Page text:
Ex-R. Kelly Aide Says Job Was ‘Almost Like the Twilight Zone’
Anthony Navarro has worked for other music superstars: Taylor Swift, Kanye West, Jay-Z. But Mr. Navarro said on Friday that working for the …
Anthony Navarro has worked for other music superstars: Taylor Swift, Kanye West, Jay-Z. But Mr. Navarro said on Friday that working for the singer R. Kelly was markedly different.
“It was almost like the Twilight Zone,” Mr. Navarro told jurors during the third day of Mr. Kelly’s criminal trial. “You went into the gate and it was a different world.”
Mr. Navarro’s testimony came at the end of the opening week of Mr. Kelly’s long-awaited criminal trial in Federal District Court in Brooklyn. The singer faces one racketeering count and eight counts of violating the Mann Act, which prohibits transporting people across state lines for the purpose of prostitution.
Mr. Kelly, 54, has steadfastly denied the accusations.
In his role as Mr. Kelly’s assistant, Mr. Navarro said he was often responsible for errands that seemed highly personal — driving the entertainer’s girlfriends around and picking up his medication. It was unusual, he testified, compared with his later experiences in the music industry and a “hard time” for him.
“The things that you had to do was just a bit uncomfortable,” Mr. Navarro, who was in his early 20s when he worked for Mr. Kelly, told the jury. “The music and production stuff was really good. All the other stuff was kind of strange.”
Mr. Kelly’s sexual conduct is the public focus of his trial. Jurors have already heard accounts from one of his accusers, a woman who said Mr. Kelly began a sexual relationship with her when she was 16. Mr. Kelly’s longtime doctor offered testimony that bolstered the government’s accusation that the singer knowingly infected some of his accusers with herpes.
But the actions of those in Mr. Kelly’s inner circle — managers, bodyguards, drivers and members of his entourage, among others — will be central to the case for both sides, as prosecutors try to convince jurors that he was the ringleader of a decades-long, criminal scheme to recruit women and underage girls for sex.
Mr. Navarro, who said he began working for Mr. Kelly in summer 2007, was the first of Mr. Kelly’s former employees to testify. He was interested in pursuing a career in music, he said, and took a job at the entertainer’s home studio, The Chocolate Factory.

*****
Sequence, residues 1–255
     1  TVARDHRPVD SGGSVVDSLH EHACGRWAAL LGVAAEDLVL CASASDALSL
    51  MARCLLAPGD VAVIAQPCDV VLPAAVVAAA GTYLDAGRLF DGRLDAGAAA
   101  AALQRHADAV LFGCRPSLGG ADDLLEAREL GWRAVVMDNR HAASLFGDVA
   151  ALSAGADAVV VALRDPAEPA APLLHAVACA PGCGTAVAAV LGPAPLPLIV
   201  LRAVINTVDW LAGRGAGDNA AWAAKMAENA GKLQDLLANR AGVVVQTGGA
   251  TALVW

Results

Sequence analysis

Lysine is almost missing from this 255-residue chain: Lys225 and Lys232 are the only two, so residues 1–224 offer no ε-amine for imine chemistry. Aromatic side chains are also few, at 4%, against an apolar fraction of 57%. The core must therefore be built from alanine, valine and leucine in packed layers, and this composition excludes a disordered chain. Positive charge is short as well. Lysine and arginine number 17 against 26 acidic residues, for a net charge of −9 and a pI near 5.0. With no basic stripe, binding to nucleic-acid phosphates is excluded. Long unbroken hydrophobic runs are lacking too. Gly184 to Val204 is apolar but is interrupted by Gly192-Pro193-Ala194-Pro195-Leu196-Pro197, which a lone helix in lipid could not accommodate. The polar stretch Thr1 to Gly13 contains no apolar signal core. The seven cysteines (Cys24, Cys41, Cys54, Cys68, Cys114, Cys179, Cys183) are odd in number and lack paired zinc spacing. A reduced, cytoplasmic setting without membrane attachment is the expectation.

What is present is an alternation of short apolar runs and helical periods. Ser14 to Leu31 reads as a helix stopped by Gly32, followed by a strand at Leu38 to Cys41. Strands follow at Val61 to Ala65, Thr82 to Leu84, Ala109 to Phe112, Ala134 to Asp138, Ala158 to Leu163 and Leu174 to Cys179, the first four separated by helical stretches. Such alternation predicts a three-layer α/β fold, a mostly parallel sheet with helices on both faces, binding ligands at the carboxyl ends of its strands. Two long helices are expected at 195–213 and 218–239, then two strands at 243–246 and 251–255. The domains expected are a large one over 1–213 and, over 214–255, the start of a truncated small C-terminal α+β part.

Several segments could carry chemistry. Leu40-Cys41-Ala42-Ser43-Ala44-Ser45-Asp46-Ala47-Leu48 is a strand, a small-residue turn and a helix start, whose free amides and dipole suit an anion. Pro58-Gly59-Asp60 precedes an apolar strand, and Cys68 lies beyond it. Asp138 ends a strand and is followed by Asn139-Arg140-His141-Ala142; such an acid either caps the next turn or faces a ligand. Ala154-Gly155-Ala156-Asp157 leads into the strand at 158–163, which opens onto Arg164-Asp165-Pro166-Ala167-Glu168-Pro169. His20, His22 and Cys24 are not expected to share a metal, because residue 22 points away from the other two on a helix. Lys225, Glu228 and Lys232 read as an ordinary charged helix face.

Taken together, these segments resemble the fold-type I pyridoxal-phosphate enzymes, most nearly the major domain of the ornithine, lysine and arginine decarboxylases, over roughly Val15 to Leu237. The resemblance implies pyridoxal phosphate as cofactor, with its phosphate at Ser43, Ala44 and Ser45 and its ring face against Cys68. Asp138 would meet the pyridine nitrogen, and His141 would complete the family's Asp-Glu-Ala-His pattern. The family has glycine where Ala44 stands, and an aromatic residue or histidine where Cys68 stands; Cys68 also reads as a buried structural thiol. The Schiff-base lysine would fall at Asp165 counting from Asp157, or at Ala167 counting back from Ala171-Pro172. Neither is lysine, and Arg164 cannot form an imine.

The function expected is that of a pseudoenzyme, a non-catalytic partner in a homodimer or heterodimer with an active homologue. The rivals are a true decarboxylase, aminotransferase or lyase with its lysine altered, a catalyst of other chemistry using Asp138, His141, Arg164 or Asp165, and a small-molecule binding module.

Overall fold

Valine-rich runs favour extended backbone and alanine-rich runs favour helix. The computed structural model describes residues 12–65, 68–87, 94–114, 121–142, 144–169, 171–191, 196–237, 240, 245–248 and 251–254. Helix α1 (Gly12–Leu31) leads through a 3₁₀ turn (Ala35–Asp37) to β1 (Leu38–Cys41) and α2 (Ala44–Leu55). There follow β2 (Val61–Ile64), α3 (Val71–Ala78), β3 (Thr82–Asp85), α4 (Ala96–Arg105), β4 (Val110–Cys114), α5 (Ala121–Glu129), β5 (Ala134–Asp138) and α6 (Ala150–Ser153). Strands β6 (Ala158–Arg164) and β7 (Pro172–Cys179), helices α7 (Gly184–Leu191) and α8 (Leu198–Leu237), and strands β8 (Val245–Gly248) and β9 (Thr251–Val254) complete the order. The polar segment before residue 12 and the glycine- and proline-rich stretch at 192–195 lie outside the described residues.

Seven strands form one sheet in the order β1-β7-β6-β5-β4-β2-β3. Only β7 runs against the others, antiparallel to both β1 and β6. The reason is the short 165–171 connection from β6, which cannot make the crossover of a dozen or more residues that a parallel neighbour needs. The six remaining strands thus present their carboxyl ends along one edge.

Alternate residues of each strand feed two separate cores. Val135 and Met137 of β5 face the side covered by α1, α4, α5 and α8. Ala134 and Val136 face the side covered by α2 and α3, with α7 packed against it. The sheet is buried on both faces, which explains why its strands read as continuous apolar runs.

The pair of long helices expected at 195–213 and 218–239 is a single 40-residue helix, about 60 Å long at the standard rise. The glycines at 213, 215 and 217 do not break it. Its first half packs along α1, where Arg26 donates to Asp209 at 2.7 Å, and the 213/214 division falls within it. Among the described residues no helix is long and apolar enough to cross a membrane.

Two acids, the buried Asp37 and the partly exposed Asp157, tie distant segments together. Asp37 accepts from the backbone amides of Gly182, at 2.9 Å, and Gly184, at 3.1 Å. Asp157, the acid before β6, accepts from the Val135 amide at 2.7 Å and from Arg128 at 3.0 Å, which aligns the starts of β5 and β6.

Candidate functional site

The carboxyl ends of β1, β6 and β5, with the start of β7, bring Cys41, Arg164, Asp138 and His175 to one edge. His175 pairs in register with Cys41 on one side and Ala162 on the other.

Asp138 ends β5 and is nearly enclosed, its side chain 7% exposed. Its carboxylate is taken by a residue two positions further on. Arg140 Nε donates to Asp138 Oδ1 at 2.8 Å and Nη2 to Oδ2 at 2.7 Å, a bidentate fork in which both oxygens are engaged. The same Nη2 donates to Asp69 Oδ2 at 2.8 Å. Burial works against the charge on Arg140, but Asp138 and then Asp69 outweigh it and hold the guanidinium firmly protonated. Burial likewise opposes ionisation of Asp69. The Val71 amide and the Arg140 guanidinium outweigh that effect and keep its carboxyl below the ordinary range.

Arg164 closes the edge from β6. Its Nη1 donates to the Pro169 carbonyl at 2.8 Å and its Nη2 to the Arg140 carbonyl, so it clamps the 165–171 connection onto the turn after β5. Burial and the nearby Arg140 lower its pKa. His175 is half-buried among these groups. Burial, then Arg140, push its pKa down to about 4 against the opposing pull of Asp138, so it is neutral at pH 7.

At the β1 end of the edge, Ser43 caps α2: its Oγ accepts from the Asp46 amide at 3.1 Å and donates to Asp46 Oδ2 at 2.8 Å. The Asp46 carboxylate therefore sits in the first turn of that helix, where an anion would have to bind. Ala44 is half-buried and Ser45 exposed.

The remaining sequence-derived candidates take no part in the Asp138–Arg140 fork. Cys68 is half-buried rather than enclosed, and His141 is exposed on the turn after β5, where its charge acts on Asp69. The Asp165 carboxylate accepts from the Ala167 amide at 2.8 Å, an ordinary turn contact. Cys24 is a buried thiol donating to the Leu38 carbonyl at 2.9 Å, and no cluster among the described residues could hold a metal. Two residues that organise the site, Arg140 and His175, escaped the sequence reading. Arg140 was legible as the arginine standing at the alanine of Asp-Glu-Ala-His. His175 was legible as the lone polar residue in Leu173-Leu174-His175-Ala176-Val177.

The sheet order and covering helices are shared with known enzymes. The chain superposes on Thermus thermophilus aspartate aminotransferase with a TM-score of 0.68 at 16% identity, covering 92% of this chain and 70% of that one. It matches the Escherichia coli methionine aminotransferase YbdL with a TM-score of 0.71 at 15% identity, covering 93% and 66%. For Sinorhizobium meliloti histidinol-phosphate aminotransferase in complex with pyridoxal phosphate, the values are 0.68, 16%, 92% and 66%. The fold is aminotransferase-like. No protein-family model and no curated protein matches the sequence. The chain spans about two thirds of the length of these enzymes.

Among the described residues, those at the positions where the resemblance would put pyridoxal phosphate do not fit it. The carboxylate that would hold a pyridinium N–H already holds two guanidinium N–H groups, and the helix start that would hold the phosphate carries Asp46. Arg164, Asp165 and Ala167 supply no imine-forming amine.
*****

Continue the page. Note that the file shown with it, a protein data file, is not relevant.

He told jurors that he drove visitors, often female guests who were coming to the studio, to the airport and throughout the Chicago area.
“I wasn’t supposed to be talking to any of the girls — the guests — who were coming into the house,” Mr. Navarro recalled.
He said that at one point in the roughly two and a half years that he worked for Mr. Kelly, he was asked to drive a young woman, one of the singer’s girlfriends, from Alabama to Atlanta.
Mr. Navarro said he had been prohibited from speaking with her and other women he drove around.
“That’s one of Rob’s Rules for us,” he said.
Mr. Navarro’s testimony provided the first glimpse of how prosecutors hope to convince jurors that the people in Mr. Kelly’s orbit, who often had roles in music production or on his tours, actively aided the criminal enterprise Mr. Kelly is accused of building to prey on women and girls.
Mr. Navarro recalled how some of Mr. Kelly’s employees would pass written notes to fans at concerts, inviting them backstage, or at malls and restaurants, encouraging them to contact the entertainer.
Mr. Kelly’s lawyers tried to portray what Mr. Navarro described as typical in the music industry, and they suggested that the tight security, house rules and general operations would be routine for a star of Mr. Kelly’s magnitude given his work and living environment.
As Mr. Navarro recounted the restrictions that female guests in Mr. Kelly’s home faced, one of the singer’s lawyers, Nicole Blank Becker, asked whether they could leave if they wanted. Mr. Navarro said they could.
During her opening statement this week, Ms. Blank Becker told the jury that the racketeering charge against the singer was misguided.
A group of employees working for a recording artist in support of his music, she said, were far different from the organized crime figures the charge is often used to prosecute.
“The evidence will show that this is uncharted territory,” Ms. Blank Becker said. “The details in this case are going to make you think, ‘Was there something else? Did I miss something?’”